Signatures from overseas visitors would be most welcome and would strengthen the case – Mark.
If plans for an intensive pig farm in North Kesteven, Lincolnshire, are approved, nearly 2,000 pigs at a time will be crammed into a small building, where they’ll never be able to breathe fresh air or see daylight.
At just 20 to 24 weeks old, they’ll be packed onto a lorry and sent to the abattoir, where workers will slit their throats and leave them to bleed out.
We have only two days left to speak out against this proposal – the deadline for submitting comments is Tuesday, 1 October. Please add your name to our petition now:
Thanks for your compassion.
More info and sample letter that you will be supporting:
Plans have been submitted to North Kesteven District Council for an intensive pig factory farm in Lincolnshire. If the proposal is approved, thousands of pigs will be sent to slaughter every year.
On factory farms, pigs are treated like machines rather than sensitive, living beings. At the proposed facility, nearly 2,000 of them at a time will be crammed into a small building, where they’ll never be able to breathe fresh air or see daylight.
Unable to behave naturally, pigs in extreme confinement often suffer from stress and frustration, which can drive them to engage in aggressive behaviour such as tail-biting, so farmers routinely cut off their tails without painkillers.
The pigs will reach their “finished weight” when they’re just 20 to 24 weeks old, at which point they’ll be packed onto a lorry and sent to the abattoir. At the end of this terrifying journey, the animals are typically stunned with electric tongs or suffocated with carbon dioxide in a gas chamber before their throats are slit and they’re left to bleed out.
Speak Out for Pigs Now
Local residents have described the proposal as an “atrocity” – they are worried about overwhelming odours, noise, and pollution and don’t want this misery on their doorstep.
Please join them in speaking out against these horrific plans by signing our petition to North Kesteven District Council:
Re: Planning application 19/1085/FUL
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To: Tom Siddons, Case Officer, North Kesteven District Council
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Dear Mr Siddons,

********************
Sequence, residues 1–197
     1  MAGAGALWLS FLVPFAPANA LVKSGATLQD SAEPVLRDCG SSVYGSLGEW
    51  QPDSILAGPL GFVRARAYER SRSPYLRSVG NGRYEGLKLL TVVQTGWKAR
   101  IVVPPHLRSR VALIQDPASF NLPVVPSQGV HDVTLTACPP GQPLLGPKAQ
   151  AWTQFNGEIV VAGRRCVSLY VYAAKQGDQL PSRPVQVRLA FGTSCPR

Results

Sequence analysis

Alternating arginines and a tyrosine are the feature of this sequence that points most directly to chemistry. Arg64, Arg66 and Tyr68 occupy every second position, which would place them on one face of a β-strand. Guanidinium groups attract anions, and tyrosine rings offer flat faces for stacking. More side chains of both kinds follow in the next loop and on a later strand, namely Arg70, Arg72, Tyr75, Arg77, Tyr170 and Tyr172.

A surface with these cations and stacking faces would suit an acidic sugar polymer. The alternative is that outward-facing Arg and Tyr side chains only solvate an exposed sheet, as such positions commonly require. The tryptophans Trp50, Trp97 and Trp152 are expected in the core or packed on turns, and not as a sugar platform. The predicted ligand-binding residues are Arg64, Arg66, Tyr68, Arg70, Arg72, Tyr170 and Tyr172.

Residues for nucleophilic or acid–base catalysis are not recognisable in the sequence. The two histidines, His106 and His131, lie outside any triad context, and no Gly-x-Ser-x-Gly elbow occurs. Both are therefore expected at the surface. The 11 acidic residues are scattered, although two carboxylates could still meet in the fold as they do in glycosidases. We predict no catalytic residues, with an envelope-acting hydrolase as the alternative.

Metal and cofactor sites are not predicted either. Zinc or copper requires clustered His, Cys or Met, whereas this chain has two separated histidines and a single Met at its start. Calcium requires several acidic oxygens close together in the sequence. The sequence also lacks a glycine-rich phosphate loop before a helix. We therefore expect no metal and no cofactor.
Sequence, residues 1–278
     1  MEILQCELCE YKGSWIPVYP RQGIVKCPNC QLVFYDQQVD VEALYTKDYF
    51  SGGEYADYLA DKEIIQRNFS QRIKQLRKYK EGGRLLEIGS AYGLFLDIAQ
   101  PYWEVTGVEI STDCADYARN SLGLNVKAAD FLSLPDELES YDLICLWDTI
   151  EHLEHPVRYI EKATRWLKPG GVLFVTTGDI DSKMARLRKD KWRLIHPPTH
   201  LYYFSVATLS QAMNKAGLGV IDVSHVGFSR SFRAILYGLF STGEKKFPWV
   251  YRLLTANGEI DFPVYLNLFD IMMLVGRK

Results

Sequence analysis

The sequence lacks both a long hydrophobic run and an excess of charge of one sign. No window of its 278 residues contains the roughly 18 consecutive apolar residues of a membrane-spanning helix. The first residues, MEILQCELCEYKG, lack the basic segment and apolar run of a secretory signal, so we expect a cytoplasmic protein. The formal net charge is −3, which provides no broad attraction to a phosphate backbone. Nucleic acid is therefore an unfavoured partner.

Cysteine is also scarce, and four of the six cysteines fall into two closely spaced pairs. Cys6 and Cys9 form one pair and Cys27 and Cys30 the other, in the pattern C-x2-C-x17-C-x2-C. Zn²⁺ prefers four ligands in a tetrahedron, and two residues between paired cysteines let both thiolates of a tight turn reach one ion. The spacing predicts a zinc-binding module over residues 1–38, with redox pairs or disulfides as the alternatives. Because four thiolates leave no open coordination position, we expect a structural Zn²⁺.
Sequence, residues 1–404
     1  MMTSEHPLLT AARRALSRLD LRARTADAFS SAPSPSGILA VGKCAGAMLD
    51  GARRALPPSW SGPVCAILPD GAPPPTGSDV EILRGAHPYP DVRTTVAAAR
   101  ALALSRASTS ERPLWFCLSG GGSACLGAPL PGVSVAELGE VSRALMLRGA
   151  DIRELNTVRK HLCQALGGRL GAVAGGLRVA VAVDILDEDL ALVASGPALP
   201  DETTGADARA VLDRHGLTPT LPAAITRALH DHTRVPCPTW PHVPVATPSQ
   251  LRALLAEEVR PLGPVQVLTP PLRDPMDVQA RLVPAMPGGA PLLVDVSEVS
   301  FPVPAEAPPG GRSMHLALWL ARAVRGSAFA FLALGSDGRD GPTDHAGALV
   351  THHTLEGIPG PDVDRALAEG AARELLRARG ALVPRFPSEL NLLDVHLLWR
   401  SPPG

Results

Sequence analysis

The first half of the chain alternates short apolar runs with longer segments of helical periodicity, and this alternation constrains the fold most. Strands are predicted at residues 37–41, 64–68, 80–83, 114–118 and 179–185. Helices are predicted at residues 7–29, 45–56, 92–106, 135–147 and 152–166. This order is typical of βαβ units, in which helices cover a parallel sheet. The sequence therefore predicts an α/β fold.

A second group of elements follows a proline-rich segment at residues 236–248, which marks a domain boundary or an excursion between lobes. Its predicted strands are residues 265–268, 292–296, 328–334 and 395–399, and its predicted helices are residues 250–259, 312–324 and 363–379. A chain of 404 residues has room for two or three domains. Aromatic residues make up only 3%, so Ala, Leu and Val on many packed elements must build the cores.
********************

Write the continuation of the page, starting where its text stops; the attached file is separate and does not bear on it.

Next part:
We are writing in relation to planning application 19/1085/FUL, which seeks permission for the construction of a pig rearing and finishing unit on land north of Station Road, Harmston, Lincoln. The building would hold as many as 1,920 pigs at a time in intensive conditions. We object to this proposal for the following reasons:
- Waste from the farm – including the pigs’ excrement and spent litter and the on-site slurry tank – would likely produce strong odours, which could potentially have a negative impact on local residents’ quality of life.
- Operations on the farm – including 16 extractor fans, vehicle movements to and from the facility, and the confinement of 1,920 pigs in a small building – would generate large amounts of noise, which could disturb local residents.
- The 124 vehicle movements to and from the farm each year would intensify traffic in the area, potentially causing disruption for local residents.
- Ammonia from the pigs’ waste would be emitted from the farm into the surrounding area, which would likely have a negative impact on air quality and potentially a detrimental effect on human health, wildlife, and the environment.
- The farm would produce large amounts of slurry, which would be stored on site before being pumped overland for spreading. There would be a risk that this material would leak or spill and contaminate the surrounding area.
- The new building would likely diminish the character of the rural landscape and spoil natural vistas.
- Finally, the farm would cause immense suffering to the pigs confined there. Pigs are highly intelligent animals who naturally live in small family groups and enjoy playing, exploring their surroundings, foraging for food, and building nests for their offspring. On intensive farms, they are typically crammed by the hundreds into barren enclosures, where they are denied the opportunity to carry out any of these natural forms of behaviour. This extreme confinement often causes them to become highly stressed, which can drive them to engage in aggressive behaviour such as tail-biting, so farmers routinely cut off their tails and clip or grind down their sensitive teeth, often without pain relief. Ultimately, they endure a terrifying journey to the abattoir, where they are typically stunned with electric tongs or suffocated with carbon dioxide in a gas chamber before their throats are slit.
We hope you will take our objections, along with comments made by local residents, into account when making a decision on this application.